After a hard week working as a mental health nurse manager, Noble Marara was relaxing at home with his family when they were visited by two police officers. They warned that he was in grave danger because a foreign government posed an “imminent threat” to his life, and urged him to increase security.
This visit took place as Britain reeled from an assassination attempt involving a Russian-made nerve agent in an English city. Evidence points towards the Kremlin, and there is tough talk of sanctions and sporting boycotts in response.
Yet there is silence over another nation that uses similar sinister tactics to eliminate its enemies. This murder threat was against a man living in Kent, a father and spouse of British citizens. And it was not the first such threat: in 2011, Scotland Yard warned two other men that the same thuggish government had sent a hit squad to kill them.
Like Russia, Rwanda gets away with murder. Literally. It hunts down dissidents wherever they live, killing some, kidnapping and threatening others. It prompted Africa’s worst blood-letting this century in the Democratic Republic of Congo, and still stirs trouble in its neighbours.
Yet its president, Paul Kagame, is seen as our friend. Marara spent nine years as a bodyguard and driver for the Rwandan leader, standing by his side as the east African country started to recover from the trauma of genocide. Like others, he saw this aloof character as the heroic saviour of his land. Now the man he once protected wants him dead.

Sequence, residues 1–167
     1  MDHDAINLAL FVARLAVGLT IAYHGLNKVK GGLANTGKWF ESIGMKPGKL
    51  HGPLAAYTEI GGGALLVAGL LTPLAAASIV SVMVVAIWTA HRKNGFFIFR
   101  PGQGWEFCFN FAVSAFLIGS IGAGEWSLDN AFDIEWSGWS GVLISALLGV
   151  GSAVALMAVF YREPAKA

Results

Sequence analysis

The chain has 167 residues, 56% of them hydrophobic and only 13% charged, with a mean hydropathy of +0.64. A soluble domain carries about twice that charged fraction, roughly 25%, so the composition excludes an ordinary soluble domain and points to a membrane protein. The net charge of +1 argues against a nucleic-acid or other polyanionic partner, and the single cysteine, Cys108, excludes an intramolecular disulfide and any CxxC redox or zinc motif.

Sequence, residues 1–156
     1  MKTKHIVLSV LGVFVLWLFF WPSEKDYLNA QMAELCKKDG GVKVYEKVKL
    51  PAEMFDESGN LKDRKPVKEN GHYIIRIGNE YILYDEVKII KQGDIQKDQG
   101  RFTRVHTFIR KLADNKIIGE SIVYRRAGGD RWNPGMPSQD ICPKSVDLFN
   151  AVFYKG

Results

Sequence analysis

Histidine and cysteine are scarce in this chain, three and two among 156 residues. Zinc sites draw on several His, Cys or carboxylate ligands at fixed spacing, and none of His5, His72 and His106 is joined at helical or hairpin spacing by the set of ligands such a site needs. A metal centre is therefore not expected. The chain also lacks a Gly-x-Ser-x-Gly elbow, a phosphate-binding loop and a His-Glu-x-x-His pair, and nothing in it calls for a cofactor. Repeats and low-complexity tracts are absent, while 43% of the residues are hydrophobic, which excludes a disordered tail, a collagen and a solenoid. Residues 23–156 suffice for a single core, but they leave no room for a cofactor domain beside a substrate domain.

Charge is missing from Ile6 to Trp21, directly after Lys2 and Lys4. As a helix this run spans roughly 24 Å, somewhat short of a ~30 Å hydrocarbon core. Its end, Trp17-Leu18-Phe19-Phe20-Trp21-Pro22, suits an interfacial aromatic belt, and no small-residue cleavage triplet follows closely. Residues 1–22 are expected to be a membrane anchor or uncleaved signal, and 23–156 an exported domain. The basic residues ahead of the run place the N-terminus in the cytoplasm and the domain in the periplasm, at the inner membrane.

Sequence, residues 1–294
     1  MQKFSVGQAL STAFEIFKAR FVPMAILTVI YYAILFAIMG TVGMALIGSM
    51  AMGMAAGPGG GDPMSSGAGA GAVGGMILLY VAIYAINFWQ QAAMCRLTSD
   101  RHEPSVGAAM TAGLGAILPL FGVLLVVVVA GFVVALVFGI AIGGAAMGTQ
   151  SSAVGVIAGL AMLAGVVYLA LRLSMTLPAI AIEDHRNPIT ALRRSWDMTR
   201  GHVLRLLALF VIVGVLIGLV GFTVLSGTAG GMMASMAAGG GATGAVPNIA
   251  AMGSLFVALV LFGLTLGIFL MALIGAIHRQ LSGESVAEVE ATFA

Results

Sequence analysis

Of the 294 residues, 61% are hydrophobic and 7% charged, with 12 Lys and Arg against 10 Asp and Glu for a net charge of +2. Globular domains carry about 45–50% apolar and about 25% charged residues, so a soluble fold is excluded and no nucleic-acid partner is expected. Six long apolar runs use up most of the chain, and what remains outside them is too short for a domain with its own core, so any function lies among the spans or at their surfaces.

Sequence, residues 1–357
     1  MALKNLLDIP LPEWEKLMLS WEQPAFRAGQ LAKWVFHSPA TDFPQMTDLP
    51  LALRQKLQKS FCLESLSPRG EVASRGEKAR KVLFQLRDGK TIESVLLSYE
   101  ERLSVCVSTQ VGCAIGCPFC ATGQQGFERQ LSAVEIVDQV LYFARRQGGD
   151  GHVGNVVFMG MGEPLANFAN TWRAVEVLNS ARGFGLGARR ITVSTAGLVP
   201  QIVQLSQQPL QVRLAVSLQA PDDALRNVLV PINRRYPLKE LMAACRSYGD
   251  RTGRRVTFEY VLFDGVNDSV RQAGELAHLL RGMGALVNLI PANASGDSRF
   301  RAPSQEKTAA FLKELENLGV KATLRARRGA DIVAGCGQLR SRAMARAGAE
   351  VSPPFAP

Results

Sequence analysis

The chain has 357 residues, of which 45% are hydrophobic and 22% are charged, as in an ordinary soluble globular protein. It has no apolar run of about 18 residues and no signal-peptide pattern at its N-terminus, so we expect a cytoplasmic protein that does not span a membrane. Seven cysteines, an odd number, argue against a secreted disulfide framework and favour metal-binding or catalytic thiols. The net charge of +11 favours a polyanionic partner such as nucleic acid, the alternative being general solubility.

Is it a coincidence that days before the police warning it was disclosed that Marara’s insights into the ruthless Kagame were to be offered in downloadable book form in the Kinyarwanda language? Regardless, the threat raises again the question of what a despot has to do to stop Britain pumping aid into his pocket. This is, after all, an ultra-repressive one-party state in which the ruling party runs everything down to the most minute level. But we pour in millions each year.
For many years, Kagame fooled the world. He posed as protector of his nation and duped naive democratic leaders, who felt guilty over their failure to stop genocide, into believing that a nasty ethnic dictatorship was an inspirational role model for aid and Africa. The likes of Tony Blair, Bill Clinton and David Cameron heard smooth words and saw clean streets, but they missed the blood dripping from the ruler’s hands.
Decent nations do not order hits on their foes in foreign lands. Yes, Britain should stop washing dirty Russian cash from Putin’s pals. By the same token, we should cut off all support for Kagame.
Ian Birrell is a freelance writer
Source: The Times